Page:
Student Consent to Release

In Banner, instead of the ordinary student information, you will see a label of “CONFIDENTIAL INFORMATION.” 

The electronic “viewing” access in FlyerView does not count as consent beyond that electronic viewing.  Thus, if a parent were to call an instructor and say, “My son/daughter gave me access on FlyerView to see grades, so you have to talk to me about those grades,” that would not be correct.  The student would have to provide consent for that conversation to happen.  You can use the standardized Consent Form to document that consent.

Employees' Requests for Records and the Gatekeeper Role

You first should obtain approval from the Institutional Review Board.   

No – if you are seeing or discussing records as part of your ordinary University duties, then you had a legitimate educational interest in those records.  The Records Request Form is meant to come into play when access to records is atypical.  For example, if you work in Student Development and personnel from the Student Success Office regularly consult with you in the performance of their jobs, that sharing of information would be considered routine and ordinary.  But if someone from another office with which you do not regularly consult were to call you for a record, the Records Request Form would help establish that he or she has a legitimate educational interest in the record.

Yes, it is recommended that you document the people with whom you regularly work and discuss education records as part of your and their jobs.  For example, if you work in Athletics and regularly permit coaches to know student athlete grades – so that the coaches in turn can satisfy NCAA academic performance standards – then you should consider documenting that protocol, i.e., that you regularly share records with coaches on a need-to-know-basis.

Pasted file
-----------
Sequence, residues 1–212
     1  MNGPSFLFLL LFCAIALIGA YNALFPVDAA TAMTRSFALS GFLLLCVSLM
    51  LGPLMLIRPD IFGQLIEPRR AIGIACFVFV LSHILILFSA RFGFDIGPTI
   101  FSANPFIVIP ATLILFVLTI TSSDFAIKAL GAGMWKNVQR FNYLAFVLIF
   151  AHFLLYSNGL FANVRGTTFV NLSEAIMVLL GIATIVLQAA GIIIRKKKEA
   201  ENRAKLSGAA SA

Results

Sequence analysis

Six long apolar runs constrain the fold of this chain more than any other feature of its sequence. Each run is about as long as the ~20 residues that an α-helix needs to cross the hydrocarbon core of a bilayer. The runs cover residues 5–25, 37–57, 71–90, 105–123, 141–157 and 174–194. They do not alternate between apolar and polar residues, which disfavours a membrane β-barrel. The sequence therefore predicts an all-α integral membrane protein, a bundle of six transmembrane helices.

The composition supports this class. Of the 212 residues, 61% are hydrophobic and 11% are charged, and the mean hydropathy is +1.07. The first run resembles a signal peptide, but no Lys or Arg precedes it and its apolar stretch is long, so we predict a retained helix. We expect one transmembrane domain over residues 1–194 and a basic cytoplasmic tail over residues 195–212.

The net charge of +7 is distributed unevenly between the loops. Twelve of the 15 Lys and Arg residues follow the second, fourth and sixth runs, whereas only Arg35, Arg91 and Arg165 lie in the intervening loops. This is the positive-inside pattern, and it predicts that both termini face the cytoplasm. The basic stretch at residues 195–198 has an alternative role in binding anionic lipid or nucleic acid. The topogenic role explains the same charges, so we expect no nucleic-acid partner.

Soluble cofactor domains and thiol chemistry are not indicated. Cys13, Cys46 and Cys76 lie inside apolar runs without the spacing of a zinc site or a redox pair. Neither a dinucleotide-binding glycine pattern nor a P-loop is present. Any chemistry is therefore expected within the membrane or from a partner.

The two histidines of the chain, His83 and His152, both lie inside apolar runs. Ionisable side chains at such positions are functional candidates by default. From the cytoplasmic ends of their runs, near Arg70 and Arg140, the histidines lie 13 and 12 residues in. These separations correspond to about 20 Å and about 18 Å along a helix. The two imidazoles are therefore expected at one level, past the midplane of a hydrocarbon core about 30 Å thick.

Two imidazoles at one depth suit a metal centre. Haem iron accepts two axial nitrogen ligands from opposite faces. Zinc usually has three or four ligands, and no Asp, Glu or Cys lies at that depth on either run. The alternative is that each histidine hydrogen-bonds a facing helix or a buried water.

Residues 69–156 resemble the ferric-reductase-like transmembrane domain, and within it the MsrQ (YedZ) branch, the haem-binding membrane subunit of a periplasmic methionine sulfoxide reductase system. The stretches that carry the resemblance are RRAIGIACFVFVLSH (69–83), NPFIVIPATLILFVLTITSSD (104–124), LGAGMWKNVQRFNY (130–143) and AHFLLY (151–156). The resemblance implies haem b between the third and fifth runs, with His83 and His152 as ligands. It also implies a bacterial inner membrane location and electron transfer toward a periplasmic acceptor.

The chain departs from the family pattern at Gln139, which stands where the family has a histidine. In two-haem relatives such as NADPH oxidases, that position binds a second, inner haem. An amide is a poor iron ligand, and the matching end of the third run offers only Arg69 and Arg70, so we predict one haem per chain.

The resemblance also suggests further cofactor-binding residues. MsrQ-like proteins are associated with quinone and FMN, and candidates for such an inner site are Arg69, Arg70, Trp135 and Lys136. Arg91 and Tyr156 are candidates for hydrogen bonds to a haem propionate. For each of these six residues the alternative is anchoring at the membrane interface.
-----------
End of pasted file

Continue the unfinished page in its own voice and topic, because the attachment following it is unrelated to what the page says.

Gatekeepers should maintain those form in their records, so as to document the University’s record-handling should the University be audited.

No.  As a chair, you automatically have a legitimate educational interest in such records to make the assessments required of your position.  It is only when a University employee who is not a gatekeeper wants to see a student’s past performance to assess his or her performance in a particular course that an issue under FERPA would arise; in such a case, the curious University employee would not have legitimate educational interest.  

Policy Violations

Inappropriate disclosure of information protected by the FERPA Policy constitutes a violation of the University’s Illegal, Fraudulent, Dishonest, and Unethical Conduct Policy.  The policy lists as a prohibited activity:   "7. Unauthorized disclosure of private employment, personal, or medical information of an employee or a student."


Any photographs or video taken under the direction of the University marketing and communications office, or any other University sponsored program, may be used in news stories, on the web or in University publications. Photos may be used in publicly-disseminated promotional materials.  An individual's name will not be listed in the caption or accompanying text without his or her permission.  If someone prefers not to be photographed, he or she should simply inform the photographer at the time photos are taken.


For questions relating to the University policies of Enrollment Management, please contact:

Marisa Darby, AVP for Academic Records and Strategic Pathways